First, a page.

Part of the challenge comes from the fact that one rarely gets to see images of Black individuals that have previously existed in these spaces. One of John Ware Reclaimed’s strengths is the way it not only humanizes Ware, presenting him as both a skilled rancher and loving family man to his wife Mildred Jane Lewis and their six children, but also highlights the various Black cowboys who have been pushed into the shadows of history. As if raising the houselights to reveal the numerous individuals standing on stage besides Ware’s spotlight, Foggo paints a vivid picture of a thriving Black cowboy community often left out of the textbooks.

Foggo’s cinematic canvas effectively brings this portrait to life through the uses of animation, archival footage and re-enactments. Pulling compelling interviews with authors and scholars, including Bertrand Bickersteth, David Breen and The Book of Negroes author Lawrence Hill to name a few, the film skillfully dismantles many of the misconceptions about Ware. This is further enhanced by Foggo’s decision to incorporate cast members of her play into the documentary. They not only read quotes from those who knew Ware but also provide songs that give the entire production a personal feel.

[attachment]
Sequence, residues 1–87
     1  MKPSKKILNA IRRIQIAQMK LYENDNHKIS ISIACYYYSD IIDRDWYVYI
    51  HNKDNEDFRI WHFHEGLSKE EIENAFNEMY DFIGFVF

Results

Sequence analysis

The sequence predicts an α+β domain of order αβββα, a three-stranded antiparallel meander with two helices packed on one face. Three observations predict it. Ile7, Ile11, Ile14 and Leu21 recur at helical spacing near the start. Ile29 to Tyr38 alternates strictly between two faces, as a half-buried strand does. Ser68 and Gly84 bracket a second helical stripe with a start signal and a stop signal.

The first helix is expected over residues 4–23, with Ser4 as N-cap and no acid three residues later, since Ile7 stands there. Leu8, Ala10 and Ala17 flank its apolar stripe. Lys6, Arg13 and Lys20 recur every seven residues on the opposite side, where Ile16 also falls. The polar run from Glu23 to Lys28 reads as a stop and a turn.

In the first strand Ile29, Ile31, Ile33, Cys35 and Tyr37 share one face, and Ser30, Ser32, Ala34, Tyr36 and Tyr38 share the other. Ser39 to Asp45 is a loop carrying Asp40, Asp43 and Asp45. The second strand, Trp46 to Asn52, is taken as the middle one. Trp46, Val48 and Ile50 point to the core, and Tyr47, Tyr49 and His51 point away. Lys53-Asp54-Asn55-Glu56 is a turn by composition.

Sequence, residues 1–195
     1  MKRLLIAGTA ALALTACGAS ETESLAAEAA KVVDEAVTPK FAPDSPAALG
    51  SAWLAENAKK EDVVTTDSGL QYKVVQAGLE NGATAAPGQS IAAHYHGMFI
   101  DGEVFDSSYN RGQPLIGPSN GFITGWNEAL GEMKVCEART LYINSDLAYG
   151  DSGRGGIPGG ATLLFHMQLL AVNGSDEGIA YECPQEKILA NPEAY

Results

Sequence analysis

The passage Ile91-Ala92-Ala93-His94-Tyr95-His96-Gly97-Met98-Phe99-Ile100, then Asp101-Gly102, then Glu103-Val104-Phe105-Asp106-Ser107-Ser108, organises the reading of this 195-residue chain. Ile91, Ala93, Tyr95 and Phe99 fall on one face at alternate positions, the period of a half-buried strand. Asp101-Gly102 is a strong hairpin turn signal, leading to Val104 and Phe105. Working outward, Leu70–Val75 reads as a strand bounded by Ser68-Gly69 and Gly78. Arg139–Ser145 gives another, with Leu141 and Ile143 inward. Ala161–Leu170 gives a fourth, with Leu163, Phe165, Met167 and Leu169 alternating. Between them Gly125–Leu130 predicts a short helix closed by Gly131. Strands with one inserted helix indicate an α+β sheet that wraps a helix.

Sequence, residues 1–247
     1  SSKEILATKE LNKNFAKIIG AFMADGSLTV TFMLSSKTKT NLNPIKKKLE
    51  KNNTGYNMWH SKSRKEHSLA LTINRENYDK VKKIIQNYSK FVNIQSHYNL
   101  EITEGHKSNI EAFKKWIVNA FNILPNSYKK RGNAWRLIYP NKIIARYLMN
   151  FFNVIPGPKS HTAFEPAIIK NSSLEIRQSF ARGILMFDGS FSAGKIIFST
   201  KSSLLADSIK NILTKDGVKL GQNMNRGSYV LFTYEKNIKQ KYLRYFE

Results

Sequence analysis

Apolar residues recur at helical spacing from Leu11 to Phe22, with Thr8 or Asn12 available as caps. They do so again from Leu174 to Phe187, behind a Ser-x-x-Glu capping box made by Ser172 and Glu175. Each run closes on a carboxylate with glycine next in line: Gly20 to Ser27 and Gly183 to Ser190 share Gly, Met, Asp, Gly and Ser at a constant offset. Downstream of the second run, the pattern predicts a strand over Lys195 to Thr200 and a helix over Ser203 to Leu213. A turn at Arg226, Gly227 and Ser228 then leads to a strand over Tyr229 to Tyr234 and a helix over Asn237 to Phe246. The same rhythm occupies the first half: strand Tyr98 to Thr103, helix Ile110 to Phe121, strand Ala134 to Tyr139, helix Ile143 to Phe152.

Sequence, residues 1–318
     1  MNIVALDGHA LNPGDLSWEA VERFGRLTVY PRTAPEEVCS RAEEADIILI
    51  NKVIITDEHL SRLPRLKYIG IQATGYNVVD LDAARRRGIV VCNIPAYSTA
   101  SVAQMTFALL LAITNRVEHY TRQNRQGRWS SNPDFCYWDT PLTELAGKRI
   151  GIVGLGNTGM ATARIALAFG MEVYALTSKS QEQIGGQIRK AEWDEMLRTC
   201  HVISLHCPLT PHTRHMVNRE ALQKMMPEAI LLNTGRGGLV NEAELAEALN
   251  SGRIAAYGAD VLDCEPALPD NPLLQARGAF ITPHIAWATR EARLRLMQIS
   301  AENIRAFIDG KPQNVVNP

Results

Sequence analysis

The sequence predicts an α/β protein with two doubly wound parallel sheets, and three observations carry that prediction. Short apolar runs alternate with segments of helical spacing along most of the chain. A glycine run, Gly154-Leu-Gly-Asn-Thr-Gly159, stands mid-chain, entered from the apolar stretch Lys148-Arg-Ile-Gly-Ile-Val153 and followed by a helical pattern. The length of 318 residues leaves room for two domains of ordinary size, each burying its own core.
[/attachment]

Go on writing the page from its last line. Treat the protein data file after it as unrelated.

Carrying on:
A deeply personal tale for Foggo on several levels, the director is not above admitting her own biases in constructing the film. She is aware that her own proximity to the subject matter impacts her perception of Ware and how she crafts the film. This inner conflict is most evident in the latter, and arguably weakest, sections of the film when she sets out on a new project. Unfortunately, the sequence of events surrounding this venture are not as compelling as what came before it in the film. While uncovering even the smallest detail might be intriguing to those well-versed in all things Ware, it does not ignite the same sense of wonder to newcomers who are still on chapter one of the cinematic book of his life.

Thankfully, there is plenty for both the uninitiated and those who thought they knew the whole story to take away from the documentary. In deconstructing the various mythologies surround John Ware, including his interaction with members of a nearby Indigenous community, Foggo succeeds in providing a rich context that makes his numerous accomplishments seem even more impressive. John Ware Reclaimed is an engaging and insightful film that brings Ware’s legacy to the forefront—where it should have been in the first place.

John Ware Reclaimed plays online and in-cinema at the Calgary International Film Festival from September 24 to October 4 and at the Vancouver International Film Festival until October 7.

John Ware Reclaimed (Promo Clip 01m29s) from NFB/marketing on Vimeo.


Courtney Small is a Rotten Tomatoes approved film critic and co-host of the radio show Frameline. He has contributed to That Shelf, Leonard Maltin, Cinema Axis, In the Seats, and Black Girl Nerds. He is the host of the Changing Reels podcast and is a member of the Toronto Film Critics Association, Online Film Critics Society and the African American Film Critics Association.